Yesterday there was an election in Greece that has made waves around the world. It is being portrayed by the major media as a major anti-austerity victory. Major media presents the success of the leftist Syriza party and its leader, and new prime minister, 40 year old Alexis Tsipras, as a historic event. The question that comes immediately to mind is what is really going on behind the scenes? An almost barbaric austerity program has been implemented in Greece over the last 4-5 years that has crippled the economy and people. Banks are of course über alles, receiving as bail out the majority of new loans from the IMF, while households are burdened with more and more taxes. Unemployment, suicides, business closures, hungry students at schools are all on the increase. Under the circumstances, the win of the leftist Syriza yesterday is not surprising at all. Still, when major changes such as this happen through an election, bringing down overnight a country's decades old, corrupt political status quo, I suspect, they are allowed to happen. Someone has invested in Mr. Tsipras. What role might he play in the big geopolitical picture that includes the US and Russia, Turkey right across the see, the Middle East around the corner and major oil and natural gas fields? Any comments or insights? [and from another] http://www.huffingtonpost.com/2015/01/25/greek-election-winner_n_65... The radical left, anti-austerity Syriza party has won Greece's vote.” [and from another] http://www.independent.co.uk/news/world/europe/greece-elections-vot... Greece elections: Voters send a defiant message to the EU. [and from another] http://www.reuters.com/article/2015/01/26/us-greece-politics-idUSKB... Likely to empower Europe's fringe parties, including other anti-austerity movements across the region's economically-depressed south. [and from another]http://www.godlikeproductions.com/forum1/message2776409/pg1 Heaven is where the police are British, the lovers French, the mechanics German, the chefs Italian, and it is all organized by the Swiss. Hell is where the police are German, the lovers Swiss, the mechanics French, the chefs British, and it is all organized by the Italians.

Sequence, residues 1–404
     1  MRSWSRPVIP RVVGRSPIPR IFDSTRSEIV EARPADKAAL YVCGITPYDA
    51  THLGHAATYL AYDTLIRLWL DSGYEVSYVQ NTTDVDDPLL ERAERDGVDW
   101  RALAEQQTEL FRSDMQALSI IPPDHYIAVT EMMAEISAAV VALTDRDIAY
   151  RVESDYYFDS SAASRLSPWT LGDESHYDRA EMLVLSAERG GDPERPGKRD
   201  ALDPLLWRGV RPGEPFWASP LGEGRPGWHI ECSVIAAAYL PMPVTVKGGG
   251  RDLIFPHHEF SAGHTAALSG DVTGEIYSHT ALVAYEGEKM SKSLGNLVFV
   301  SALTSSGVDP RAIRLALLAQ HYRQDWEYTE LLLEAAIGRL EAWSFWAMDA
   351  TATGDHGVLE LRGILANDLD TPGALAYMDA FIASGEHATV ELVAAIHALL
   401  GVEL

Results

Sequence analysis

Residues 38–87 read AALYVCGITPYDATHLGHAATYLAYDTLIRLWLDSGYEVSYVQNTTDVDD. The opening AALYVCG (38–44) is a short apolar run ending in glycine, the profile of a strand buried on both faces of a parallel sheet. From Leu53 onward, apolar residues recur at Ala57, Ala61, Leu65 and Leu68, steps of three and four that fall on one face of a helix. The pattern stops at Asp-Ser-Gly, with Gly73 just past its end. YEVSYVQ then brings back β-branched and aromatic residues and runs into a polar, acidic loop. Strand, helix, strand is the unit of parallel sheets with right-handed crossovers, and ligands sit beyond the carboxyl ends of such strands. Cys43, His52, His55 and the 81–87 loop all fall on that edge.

Countries go bankrupt for various reasons. In 1924 when Germany had funded their war by unhinging from the Gold standard and then was thrown into a devastating depression by their loss and the punishment imposed, the government reacted by printing more money until it was worthless, requiring a barrow of paper money to buy a load of bread. In this case it was government ambitions that caused the hyperinflation. In 2002 the Argentina peso was devalued after over a decade of runaway inflation. Here again, the government was trying to keep things running by spending money they did not have.
When the European Union was on the upswing, forming, Europe had a relatively booming economy. They were importing workers. When matters changed, the more frugal northern countries took proper fiscal steps while the more relaxed Mediterranean countries went into debt to accommodate demands from their public. The poor came to the rich with their hands out and were given cash, but Greece did not recover during an enduring recession nor did the expectations of their people change. Europe was trying now to export workers.
The pubic in Greece obviously expects more handouts, in the form of loans, so their social services can continue unabated. But this is not their money. Now what? Where all eyes are on Greece at the moment, this is not a Greek problem. It is a problem that will afflict many countries, in fact most, shortly. Governments are tasked with collecting taxes from economic activity and disbursing this to defense and social services. As the Earth changes destroy infrastructure and impact the economy, and destroy crops so that a meal costs more, demands on shrinking funds increases. This is not going to change. More and more countries are de facto bankrupt, including the US.
This story could unfold in any number of directions, depending on choices made by man. Thus, unpredictable. Each country could be cut lose to allow their currency to hold its worth or not, depending upon the fiscal management of their central banks. The Swiss Franc unpegging from the Euro is an example. The European Union is likely to turn a deaf ear to Greece. A squalling demand from the poor to the rich impresses few, frankly. Greece does not hold winning cards, and is likely to find themselves kicked out of the EU instead. As money, in any currency, loses its value, the populace will increasingly turn to barter, which is all to the good as this is indeed the currency of the future.